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This recent addition is a bronze unit of Cunobeline, more famous for his gold 'barley ear' staters.

Cunobeline/Cunobelin ('Strong as a Dog' in Brittonic) was king of the Catuvellauni and Trinovantes tribes (in modern Hertfordshire, Middlesex and Essex) from about AD9 to AD40. His plentiful coins in bronze, silver and gold are usually inscribed CVNO (for Cunobeline) and either VERL for Verlamion (St Albans), the Catuvellauni capital, or CAMV for Camulodunon (Colchester), the Trinovantian capital.

He's unusual for an Iron Age king in that he's known beyond his coins. Roman historian Suetonius called him 'King of the Britons'. He wasn't, but he was the most powerful, and probably a client king of Augustus, which would've given him access to Roman luxuries. This coin clearly copies Roman issues like this Roman Republic As.

Cunobeline Later Bronze Trinovantian W Unit, 9-40image.png.81af8887071ff4e645288a657ece5137.pngCamulodunon (Roman Camulodunum, modern Colchester). Bronze, 14mm, 2.19g. Janiform head; CVNO below. Sow seated right beneath a tree; CAMV on panel below (ABC 2981; S 346; V 2105).

Cunobeline found his way into legend. He became confused with Beli Mawr (Beli the Great) in Welsh medieval literature, thus becoming an ancestor of Welsh royalty and a cousin of the Virgin Mary. Even in early legend, however, Beli Mawr was the father of Cassivellaunus, who Cunobeline's father succeeded as the king of the Catuvellauni, so it wasn't far off.

Cunobeline appeared in various confused ways in Geoffrey of Monmouth's Historia Regum Britanniae. This ended up giving him a starring role in William Shakespeare's play, Cymbeline, although the character bore little resemblance to Cunobeline.

His father, Tasciovanus, had founded Verlamion, and had a similarly extensive coinage. Cunobeline seems to have struck coins first in Camulodunon, and so may have ruled there before his father's death around AD9. He may even have helped conquer the Trinovantes.

Tasciovanus 3rd Coinage ‘Trinovantian O’ Unit, 5BC-AD5image.png.8d7f0994efa1a91785dbb529f9a011ae.pngVerlamion. Silver, 13mm, 1.40g. Quadrilobe inscribed with saltire, superimposed on stylized cross. V-E-R-L in angles. Boar right; TAS above, star below (ABC 2628).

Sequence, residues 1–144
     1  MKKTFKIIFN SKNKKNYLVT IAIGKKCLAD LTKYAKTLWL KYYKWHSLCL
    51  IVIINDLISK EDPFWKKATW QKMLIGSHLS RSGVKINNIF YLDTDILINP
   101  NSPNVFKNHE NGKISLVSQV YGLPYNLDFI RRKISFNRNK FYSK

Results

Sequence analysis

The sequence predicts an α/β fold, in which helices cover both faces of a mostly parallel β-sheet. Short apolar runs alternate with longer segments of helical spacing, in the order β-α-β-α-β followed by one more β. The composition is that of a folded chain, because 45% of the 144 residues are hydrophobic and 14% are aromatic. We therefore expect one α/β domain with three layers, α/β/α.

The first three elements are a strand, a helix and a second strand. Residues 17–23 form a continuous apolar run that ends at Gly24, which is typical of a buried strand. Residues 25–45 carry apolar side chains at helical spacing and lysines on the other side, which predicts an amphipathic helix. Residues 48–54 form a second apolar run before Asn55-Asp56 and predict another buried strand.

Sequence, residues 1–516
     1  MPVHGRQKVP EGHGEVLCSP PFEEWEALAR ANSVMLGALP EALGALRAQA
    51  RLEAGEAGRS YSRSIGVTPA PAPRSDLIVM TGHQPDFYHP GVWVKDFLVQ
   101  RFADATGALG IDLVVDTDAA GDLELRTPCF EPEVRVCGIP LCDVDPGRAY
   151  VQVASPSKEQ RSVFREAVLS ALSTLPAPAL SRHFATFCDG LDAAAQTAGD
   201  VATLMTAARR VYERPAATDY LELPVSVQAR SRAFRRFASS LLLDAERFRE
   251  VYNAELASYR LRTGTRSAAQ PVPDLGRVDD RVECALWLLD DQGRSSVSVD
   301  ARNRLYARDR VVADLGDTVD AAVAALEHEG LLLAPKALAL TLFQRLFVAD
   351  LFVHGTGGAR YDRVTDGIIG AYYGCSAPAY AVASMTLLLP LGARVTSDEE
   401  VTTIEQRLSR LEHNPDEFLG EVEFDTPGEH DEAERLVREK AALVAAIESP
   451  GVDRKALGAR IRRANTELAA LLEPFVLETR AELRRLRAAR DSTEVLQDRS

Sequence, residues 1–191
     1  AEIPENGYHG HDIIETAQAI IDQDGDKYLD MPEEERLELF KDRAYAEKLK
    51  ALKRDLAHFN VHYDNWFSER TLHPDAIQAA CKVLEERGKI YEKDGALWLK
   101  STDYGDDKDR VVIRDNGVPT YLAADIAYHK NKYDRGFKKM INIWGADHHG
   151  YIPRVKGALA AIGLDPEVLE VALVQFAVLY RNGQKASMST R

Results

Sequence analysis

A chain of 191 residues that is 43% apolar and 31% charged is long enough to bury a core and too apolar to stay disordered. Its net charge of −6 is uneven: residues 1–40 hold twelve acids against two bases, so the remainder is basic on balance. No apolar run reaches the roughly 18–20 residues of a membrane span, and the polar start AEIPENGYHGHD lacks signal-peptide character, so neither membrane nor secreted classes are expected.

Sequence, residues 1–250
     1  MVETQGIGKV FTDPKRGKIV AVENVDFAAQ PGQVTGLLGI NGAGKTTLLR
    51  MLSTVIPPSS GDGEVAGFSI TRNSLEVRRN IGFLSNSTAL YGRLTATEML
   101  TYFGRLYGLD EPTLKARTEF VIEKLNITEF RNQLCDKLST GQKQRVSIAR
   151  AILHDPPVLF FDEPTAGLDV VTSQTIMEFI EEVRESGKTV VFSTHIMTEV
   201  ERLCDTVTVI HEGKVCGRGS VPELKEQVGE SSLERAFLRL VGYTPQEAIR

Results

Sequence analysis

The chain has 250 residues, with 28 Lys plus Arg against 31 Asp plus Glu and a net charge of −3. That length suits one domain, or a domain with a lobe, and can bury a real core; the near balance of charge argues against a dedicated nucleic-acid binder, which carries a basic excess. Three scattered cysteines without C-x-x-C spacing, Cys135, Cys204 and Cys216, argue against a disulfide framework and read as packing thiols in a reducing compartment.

Cunobeline's three sons each had their own kingdoms: Amminus/Adminius had Kent, Togodumnus was king of the Catuvellauni and Caratacus/Caractacus, under Cunobeline's brother Epaticcus, expanded into Atrebates territory. The Atrebates king, Verica, fled to Rome and Claudius used it as an excuse for the invasion in AD43. Caratacus was captured by the Romans and made a famous speech before Claudius that earned him a pardon from execution.

Adminius was banished from Britain by Cunobelin shortly before the latter's death around AD40. Adminius fled to the emperor Caligula, who also used it as an excuse for an invasion. His attempt was rather embarrassing - his plans were confused an he ended up ordering his soldiers to attack the waves and gather seashells as plunder.

Amminus ‘Biga’ Unit, 35-40image.png.482b3ea36708306a4795ef755d81a89d.pngCantii Kingdom. Silver, 10-12mm, 1.00g. Bust right, AMMI in front, beaded border. Facing chariot, head of charioteer between, S below, E to left of head, G to right of head, beaded border (ABC 459). Celtic Coin Index CCI 07.0015.

 

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@John Conduitt...That's a really nice addition and rare type! Certainly does show the influence of the Roman empire at the time...Congrats on the new pick up.

I only have the one and you've seen it before but is still one of my favourite coins...Hope you don't mind seeing it again...

554364555_cunobelin_black(2).jpg.86bda3aca7453cace71ba35d5764a6b9.jpg

Britannia, Trinovantes & Catuvellauni. Cunobelin. Circa 9-41 AD. AE Unit (2.437 g, 14mm).
Obv: Winged head left, CVNO in front, BELIN behind.
Rev: Metal worker, presumably the smith god known as Sucellus in parts of Gaul, sitting on a solid seat with a detached upright back, holding an L-shaped hammer in his right hand, left hand holding a metal bowl, there is always a distinct bun of hair behind the smith's head, TASCIO (Tascionus his father) behind, beaded border.
Van Arsdell 2097; ABC 2969; SCBC 342. Hobbs 1972-83;..VF.

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3 minutes ago, Spaniard said:

@John Conduitt...That's a really nice addition and rare type! Certainly does show the influence of the Roman empire at the time...Congrats on the new pick up.

I only have the one and you've seen it before but is still one of my favourite coins...Hope you don't mind seeing it again...

554364555_cunobelin_black(2).jpg.86bda3aca7453cace71ba35d5764a6b9.jpg

Britannia, Trinovantes & Catuvellauni. Cunobelin. Circa 9-41 AD. AE Unit (2.437 g, 14mm).
Obv: Winged head left, CVNO in front, BELIN behind.
Rev: Metal worker, presumably the smith god known as Sucellus in parts of Gaul, sitting on a solid seat with a detached upright back, holding an L-shaped hammer in his right hand, left hand holding a metal bowl, there is always a distinct bun of hair behind the smith's head, TASCIO (Tascionus his father) behind, beaded border.